Yesterday I wrote about how introverts handle outside space, and the possible over stimulation of being out in public. Today I’d like to write about the over stimulation of being “outside” on the internet. Having a noisy internet life is every bit as draining to an introvert as spending every evening in a crowded pub. It’s time to learn to control that life just like I’ve learned to control my external world. (Note: the references in this posting can apply equally to introverts and extroverts. For introverts, it’s just another way of quieting the mental noise lots of us live with.)
One of my favorite Introvert authors is Beth Buelow, writer of The Introvert Entrepreneur. I’m not an entrepreneur yet, but I’m working toward that goal. Whether you’re in business for yourself, work for someone else, or have retired completely, she has wonderful things to inspire you. (Check out her book on the Introverts Info page.)
Beth recently posted “5 Habits I’m Changing After My Wonderful Webfree Week“, a blog that has been sticking in my mind. It talks about how we use our internal public space, the internet. So many of us spend a lot of time connected to the internet. It’s the perfect place for introverts to gather because we can control so much of our experience, and do it in a way that we can’t do with the outside world. Click the X to close a window would be quite handy in real life sometimes, wouldn’t it? That annoying co-worker standing over your desk and chatting away? Click the X and poof, they’re gone. Lovely idea.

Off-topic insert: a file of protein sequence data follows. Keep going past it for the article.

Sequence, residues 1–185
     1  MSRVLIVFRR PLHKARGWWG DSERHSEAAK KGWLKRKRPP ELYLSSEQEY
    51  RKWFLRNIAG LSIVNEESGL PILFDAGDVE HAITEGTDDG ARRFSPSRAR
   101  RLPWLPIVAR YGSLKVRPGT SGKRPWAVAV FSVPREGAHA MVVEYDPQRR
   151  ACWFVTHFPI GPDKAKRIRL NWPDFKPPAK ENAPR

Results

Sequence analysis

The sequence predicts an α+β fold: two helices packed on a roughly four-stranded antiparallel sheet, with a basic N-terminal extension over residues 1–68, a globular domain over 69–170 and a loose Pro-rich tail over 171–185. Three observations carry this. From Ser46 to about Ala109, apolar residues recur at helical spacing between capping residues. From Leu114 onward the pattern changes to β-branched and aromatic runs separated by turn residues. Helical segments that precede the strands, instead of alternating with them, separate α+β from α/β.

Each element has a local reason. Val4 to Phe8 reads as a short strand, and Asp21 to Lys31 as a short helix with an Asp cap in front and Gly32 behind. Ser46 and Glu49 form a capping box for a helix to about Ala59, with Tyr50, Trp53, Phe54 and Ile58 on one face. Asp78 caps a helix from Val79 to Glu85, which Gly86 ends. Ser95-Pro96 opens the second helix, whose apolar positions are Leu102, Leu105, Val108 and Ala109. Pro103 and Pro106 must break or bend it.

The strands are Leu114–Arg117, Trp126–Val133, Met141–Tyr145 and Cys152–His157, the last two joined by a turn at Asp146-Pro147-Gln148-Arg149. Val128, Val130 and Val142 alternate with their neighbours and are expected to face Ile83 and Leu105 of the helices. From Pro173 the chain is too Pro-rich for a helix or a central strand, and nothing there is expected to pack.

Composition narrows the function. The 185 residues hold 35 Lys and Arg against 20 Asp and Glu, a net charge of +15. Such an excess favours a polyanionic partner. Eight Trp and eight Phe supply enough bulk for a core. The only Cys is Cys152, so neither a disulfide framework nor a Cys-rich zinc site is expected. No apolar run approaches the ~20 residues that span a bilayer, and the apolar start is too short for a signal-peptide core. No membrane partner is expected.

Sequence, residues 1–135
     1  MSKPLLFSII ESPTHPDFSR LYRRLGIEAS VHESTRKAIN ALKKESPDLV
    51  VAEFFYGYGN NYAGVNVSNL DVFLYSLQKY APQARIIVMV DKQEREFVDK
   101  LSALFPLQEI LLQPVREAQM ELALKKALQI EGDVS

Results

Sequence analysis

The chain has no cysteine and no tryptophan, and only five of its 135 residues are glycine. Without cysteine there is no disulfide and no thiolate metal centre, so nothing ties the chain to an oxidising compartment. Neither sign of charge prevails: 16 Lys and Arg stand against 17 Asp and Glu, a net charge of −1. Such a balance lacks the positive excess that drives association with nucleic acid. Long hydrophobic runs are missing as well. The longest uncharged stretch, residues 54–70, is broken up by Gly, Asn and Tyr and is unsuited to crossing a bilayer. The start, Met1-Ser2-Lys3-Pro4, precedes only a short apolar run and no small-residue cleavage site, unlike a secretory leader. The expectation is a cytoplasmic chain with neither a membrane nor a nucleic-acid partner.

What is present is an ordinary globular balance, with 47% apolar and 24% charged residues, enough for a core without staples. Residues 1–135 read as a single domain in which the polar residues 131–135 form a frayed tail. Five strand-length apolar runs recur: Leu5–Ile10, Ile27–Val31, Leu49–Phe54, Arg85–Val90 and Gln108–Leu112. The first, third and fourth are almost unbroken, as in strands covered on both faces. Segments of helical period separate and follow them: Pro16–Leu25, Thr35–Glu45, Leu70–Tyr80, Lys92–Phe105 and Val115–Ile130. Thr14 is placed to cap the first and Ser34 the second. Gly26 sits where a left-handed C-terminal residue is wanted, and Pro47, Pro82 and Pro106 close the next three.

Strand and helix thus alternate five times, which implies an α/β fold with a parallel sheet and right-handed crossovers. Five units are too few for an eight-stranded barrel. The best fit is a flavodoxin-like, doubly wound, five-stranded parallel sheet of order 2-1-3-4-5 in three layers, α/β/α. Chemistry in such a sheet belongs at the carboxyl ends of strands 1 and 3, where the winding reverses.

I already knew that I was easily pulled in a hundred different directions when I’m on line. One look at the amount of tabs in my browser window will tell you how easily distracted I can be. It’s like candy for the introvert mind. Places to go, things to see, all at your fingertips. It’s so easy.
Maybe it’s too easy. When I’m feeling pressured to put out the next day’s blog, it can be distracting. I have a dozen ideas in my head and while I research one, another two dozen appear. After a while I’m overwhelmed, have a headache and am getting rather snappy. You might as well just drop me down into a major shopping mall during a huge sale. Sometimes I think I get addicted to the over stimulation possible on the internet. I don’t spend huge amounts of time on line, but what I do spend can get frantic in my desire to consume new information, so I’m trying new habits in order to conserve my energy.
Beth decided to go off the grid for a week. Since she makes her living on the internet, she had to make a few concessions to her plan. I thought her ideas were good enough that I’m going to copy some of them…. most of them. Here’s the scoop (the quotes are from Beth’s blog, the rest are my good intentions):
New Habit #1: Boundaries!
No more checking email or social media while I’m in a prone position under warm blankets and a purring cat. And no more browsing the web while watching TV.